Charles Allan (Lanny) Lutz, a man of prodigious intellect and theatrical talent, died on Jan. 5, 2021, in Los Angeles after an extended illness. Born on Jan. 1, 1942 to Ruth Flarida Lutz and Allan Barr Lutz in Washington D.C., the family moved to Birmingham, Michigan after the war and in 1953 to Darien, Connecticut. In high school, he excelled in competitive sports. He was an avid sailor and won numerous races on Long Island Sound.
A 1964 graduate of Yale University, he majored in English while his love for theater flourished in Yale dramatic productions. He was an accomplished pianist and also a student of French, which he spoke fluently. He took a year off from Yale to explore France, and in Paris he met and married Katia Brillie.
After returning to finish his B.A. at Yale, he taught English at Milford Academy. In 1967, he and his wife moved to New York City where their daughter, Natalie Cybèle, was born and where Lanny devoted himself to acting full-time. In 1969, he and his wife moved to London where he attended the prestigious Royal Academy of Dramatic Art (RADA). Charles, as his RADA friends refer to him, graduated with the Honours Diploma and won the highest and most prestigious honor the institute conferred, the Bancroft Gold Medal, for his entire career at RADA, including a memorable performance of the title role in Tartuffe.
A classmate, Canadian writer Alexandra Sellers wrote, “He was a brilliant, intense actor, and the pity was that as an American he wasn’t allowed to work in the UK … all the connection with West End directors and casting agents was sadly wasted.”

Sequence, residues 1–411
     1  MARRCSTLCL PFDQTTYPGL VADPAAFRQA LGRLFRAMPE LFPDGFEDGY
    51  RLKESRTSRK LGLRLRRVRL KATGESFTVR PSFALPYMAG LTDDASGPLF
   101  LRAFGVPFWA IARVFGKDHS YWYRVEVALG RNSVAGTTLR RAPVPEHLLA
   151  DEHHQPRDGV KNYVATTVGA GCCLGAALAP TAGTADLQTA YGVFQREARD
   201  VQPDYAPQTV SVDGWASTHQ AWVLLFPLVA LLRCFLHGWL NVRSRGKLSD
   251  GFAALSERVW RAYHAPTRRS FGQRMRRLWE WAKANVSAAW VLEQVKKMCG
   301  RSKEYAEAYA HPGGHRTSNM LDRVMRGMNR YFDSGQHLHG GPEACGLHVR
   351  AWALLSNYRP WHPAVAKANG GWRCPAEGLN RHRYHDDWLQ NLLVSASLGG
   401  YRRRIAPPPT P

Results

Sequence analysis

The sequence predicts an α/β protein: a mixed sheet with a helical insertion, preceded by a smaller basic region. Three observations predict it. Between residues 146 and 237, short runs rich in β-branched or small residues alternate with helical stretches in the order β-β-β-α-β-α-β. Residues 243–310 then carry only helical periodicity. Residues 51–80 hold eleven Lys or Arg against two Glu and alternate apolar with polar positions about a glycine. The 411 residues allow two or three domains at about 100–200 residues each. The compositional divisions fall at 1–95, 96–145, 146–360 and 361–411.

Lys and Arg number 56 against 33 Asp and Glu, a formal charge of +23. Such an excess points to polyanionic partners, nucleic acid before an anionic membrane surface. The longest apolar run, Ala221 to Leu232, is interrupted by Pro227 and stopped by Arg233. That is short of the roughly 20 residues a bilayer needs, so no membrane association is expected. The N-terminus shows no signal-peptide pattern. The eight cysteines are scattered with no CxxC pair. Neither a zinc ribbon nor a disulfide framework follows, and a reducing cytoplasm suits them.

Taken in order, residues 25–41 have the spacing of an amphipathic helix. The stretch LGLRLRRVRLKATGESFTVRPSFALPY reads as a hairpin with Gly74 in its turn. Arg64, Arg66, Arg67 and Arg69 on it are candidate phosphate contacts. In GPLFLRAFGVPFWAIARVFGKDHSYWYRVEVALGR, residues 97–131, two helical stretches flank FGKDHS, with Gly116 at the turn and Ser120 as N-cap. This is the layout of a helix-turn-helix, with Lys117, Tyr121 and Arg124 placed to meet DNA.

In 1971, the family relocated back to New York City, where Lanny continued to study acting. He moved to Los Angeles and, after a divorce, relocated to the Chicago area, where he lived in Oak Park for more than 20 years.
He was involved in numerous pursuits in Oak Park, as an actor, founder in about 1996 with Gerald Clay of Black-White Dialogue, host of a radio show, passionate spokesman for sugar maples, and a distributor of Lūtz Wine, for which he sponsored numerous wine-tasting parties in homes and river boat cruises, as well as supporting Oak Park Festival Theatre by purchasing display ads in their programs. He was a member of the Festival Theatre Board of Directors for several years and founded a contractor’s reference service, Lanny’s List. He was also proud of having passed the stringent requirements to become a licensed 18-wheeler truck driver. He loved fine wine and good meals with friends and a good debate. Possessing a booming laugh, Lanny was to some a modern Zorba the Greek.
In 2005, he performed to acclaim the lead role in All My Sons at Oak Park Festival Theatre and in 2006 reprised his RADA performance in the title role of Tartuffe. A member of the Actors’ Equity Association and Screen Actors Guild/American Federation of Television and Radio Artists, he played a small, but significant role in the film Batman, the Dark Knight.
In 2016 he left the full life he had lived in Oak Park and returned to Los Angeles to pursue his dream. He had a full and adventuresome life, dedicated to his passion, acting. He dreamed of becoming the publicly recognized great actor that his theater friends claimed was his due and continued to pursue that dream throughout his life, without achieving stardom, which saddened him and his many friends, but without compromise, regret, or self-pity. He was happy to be free, referring to himself as a gypsy, and chose and enjoyed the life he wanted, always living according to his values.
Lanny Lutz was content with the life he led.
A Zoom celebration of Lanny’s life on Jan. 30 organized by his daughter, Natalie, was attended by dozens of family and friends from France, England, Canada, and the U.S. with beloved tales of a well-lived life from his youth to his studies at RADA to his years in Oak Park.
Lanny was predeceased by his parents, Ruth and Allan Lutz. He is survived by his daughter, Natalie Lutz; his ex-wife, Katia Lutz; his sister, Carolyn Gibson (Vero Beach, Florida); his dear friend from Oak Park, Janet Bohler; his two grandchildren, Loic Tatischeff, 27 (wife Summer), and Magalie Tatischeff, 25; his nephew, Ian Gibson, and niece, Elizabeth (Liz) Gibson.
As Lanny would say: “Tally Ho, Daddio!”